Serving the Tarrant County College District

The Collegian

Serving the Tarrant County College District

The Collegian

Serving the Tarrant County College District

The Collegian

Editorial – Social media drives digital age shooting

Nissy Botembe/The Collegian
Nissy Botembe/The Collegian

In the digital age, everyone is trying to be a celebrity. Go on YouTube and you’ll see tons and tons of videos with less than ten views from everyday people who hope to gain a following. Influencer is one of the hottest job titles on the market, and social media has started to become almost weaponized in its use of targeting to reach the highest level of attention.

On March 15, a man in New Zealand orchestrated an attack on two mosques and did so with attention to detail and livestreamed the attacks and shared it via different forms of social media for the world to get a front-row seat at his disgusting act of violence.

With the death toll reaching around 49 people, this isn’t only one of the highest mass casualty shootings in recent times but also one of most sickening due to the way it was shared.

The shooter wanted to share their attack online as many times as they could in order to go viral.

Many others post videos in the hopes of it going viral, albeit with far less nefarious acts.

The livestream of the shooting was linked in posts on Facebook, YouTube, Twitter, Instagram and message board 8chan, which also linked to the shooter’s 73-page long manifesto.

During the livestream itself, the shooter said the words “Remember lads, subscribe to Pewdiepie.”

This quote is a reference to the YouTube name for Felix Kjellberg, who currently holds the highest number of subscribers on YouTube. This statement was made to create buzz and call attention to the act of violence itself.

It’s almost as if the shooter was using an active form of live SEO, or search engine optimization, an important part of digital marketing and the backbone for how to reach the highest amount of views and clicks.

The shooter’s manifesto, which was shared with the livestream, made a point to reference odd buzz words as well, including “Candace Owens,” “Spyro the Dragon,” and “Fortnite.”

The choice of those words only makes the shooting all that more disgusting, due mostly in part to the sinister use of these everyday words.

They’re unrelated to the shooting, however using them in the manifesto ensures the story gains more traction and guarantees news sites give as much time to the event itself as possible.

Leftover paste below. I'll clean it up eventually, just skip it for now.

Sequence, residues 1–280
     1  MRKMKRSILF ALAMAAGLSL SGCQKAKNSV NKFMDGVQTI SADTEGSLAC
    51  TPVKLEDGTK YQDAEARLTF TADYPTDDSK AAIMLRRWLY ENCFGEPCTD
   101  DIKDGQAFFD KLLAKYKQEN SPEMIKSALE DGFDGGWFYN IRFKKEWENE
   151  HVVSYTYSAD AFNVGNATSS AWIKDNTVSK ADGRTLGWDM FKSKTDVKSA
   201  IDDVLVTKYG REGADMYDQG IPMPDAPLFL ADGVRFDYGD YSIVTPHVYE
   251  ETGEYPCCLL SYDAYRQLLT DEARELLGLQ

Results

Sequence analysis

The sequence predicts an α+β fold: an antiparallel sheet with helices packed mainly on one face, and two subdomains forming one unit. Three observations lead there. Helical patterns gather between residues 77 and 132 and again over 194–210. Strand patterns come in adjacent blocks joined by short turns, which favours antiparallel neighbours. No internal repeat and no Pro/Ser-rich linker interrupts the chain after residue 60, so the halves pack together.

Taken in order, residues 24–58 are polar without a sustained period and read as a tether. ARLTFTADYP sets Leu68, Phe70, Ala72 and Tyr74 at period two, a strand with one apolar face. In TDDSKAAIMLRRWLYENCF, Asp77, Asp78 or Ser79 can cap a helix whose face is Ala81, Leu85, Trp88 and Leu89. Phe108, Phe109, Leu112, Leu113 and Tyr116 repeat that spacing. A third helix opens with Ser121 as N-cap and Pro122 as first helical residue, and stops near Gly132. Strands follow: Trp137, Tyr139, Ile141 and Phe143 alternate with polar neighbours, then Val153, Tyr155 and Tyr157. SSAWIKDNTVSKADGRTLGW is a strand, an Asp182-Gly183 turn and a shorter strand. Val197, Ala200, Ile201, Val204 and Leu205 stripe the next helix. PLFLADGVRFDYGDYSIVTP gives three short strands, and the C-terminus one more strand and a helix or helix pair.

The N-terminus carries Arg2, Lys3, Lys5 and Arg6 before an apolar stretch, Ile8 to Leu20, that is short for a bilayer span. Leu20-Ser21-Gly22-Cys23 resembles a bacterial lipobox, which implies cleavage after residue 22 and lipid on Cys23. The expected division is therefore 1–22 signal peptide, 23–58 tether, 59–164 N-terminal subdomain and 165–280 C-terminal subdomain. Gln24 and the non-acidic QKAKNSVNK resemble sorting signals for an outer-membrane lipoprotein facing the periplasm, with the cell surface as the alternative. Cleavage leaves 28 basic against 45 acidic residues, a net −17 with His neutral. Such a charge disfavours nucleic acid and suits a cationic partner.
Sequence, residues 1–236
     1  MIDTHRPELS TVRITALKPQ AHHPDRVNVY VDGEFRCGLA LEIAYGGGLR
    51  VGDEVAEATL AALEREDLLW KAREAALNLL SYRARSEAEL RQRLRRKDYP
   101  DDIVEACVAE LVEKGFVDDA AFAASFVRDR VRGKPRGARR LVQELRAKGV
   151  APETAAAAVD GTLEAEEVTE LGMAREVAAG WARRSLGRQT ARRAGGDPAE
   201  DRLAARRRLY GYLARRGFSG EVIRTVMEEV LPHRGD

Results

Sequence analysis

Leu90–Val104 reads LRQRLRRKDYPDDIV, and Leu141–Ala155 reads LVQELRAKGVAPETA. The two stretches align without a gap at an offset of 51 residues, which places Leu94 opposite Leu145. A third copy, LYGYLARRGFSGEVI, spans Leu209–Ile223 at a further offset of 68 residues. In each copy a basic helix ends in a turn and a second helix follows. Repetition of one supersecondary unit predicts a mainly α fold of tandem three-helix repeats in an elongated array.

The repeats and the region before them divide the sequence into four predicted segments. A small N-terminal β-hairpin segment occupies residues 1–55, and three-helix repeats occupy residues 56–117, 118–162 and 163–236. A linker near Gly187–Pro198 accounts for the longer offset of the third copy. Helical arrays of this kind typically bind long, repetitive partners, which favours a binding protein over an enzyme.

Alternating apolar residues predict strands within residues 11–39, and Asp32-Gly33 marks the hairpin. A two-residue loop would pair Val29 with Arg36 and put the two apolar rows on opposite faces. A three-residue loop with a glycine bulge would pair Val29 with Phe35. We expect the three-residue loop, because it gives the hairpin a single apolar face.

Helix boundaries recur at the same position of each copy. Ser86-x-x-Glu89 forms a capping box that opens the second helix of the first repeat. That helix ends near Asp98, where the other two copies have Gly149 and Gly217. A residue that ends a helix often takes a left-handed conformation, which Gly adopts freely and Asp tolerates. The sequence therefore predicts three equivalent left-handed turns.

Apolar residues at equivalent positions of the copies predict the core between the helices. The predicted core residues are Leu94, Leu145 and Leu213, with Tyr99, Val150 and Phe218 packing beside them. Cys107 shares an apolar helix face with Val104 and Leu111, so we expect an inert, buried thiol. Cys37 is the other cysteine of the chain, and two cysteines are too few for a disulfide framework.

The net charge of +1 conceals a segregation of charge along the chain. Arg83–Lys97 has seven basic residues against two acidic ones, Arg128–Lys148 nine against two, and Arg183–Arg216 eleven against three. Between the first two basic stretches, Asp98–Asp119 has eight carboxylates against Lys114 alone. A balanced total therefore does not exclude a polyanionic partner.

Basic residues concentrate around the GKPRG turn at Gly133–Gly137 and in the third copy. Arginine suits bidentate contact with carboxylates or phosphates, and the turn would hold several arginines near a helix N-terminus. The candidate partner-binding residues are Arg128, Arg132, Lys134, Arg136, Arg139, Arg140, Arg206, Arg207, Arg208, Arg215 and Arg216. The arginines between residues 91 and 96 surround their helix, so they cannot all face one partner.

With a growing level of social media and people becoming able to share almost every second of their life with the world, the fear is more people will try anything to get recognized.

This shooting, while being created with hate in mind, also wanted to create a high level of shock value in order to get attention.

There is nothing stopping literally anyone from abusing social media in a similar way to get the results they want from the world.

While most people seek acceptance and a sense of belonging with social media, it seems clear that there are those who look to use the different avenues in order to create chaos.

Horrifying as it may be, this isn’t the first time social media has been used to spread violence online.

However, it is the most detail-oriented and orchestrated attempt.

When given a platform, people are given free reign to do whatever they would like. This goes for not only individual users on social media but news outlets themselves.

If the shooter was able to essentially control the story by planning everything in detail, then the responsibility of spreading awareness will be held in the hands of everyone else.

Guns have killed many people and that argument has been made time and time again.

However, the damage society does by sharing things like the shooter’s video or manifesto could lead to copycat terrorists or even worse, someone hoping to top the New Zealand shooter’s damage.

People should be aware that spreading the message of someone like the shooter can do more than inform, it can create future problems for everyone.

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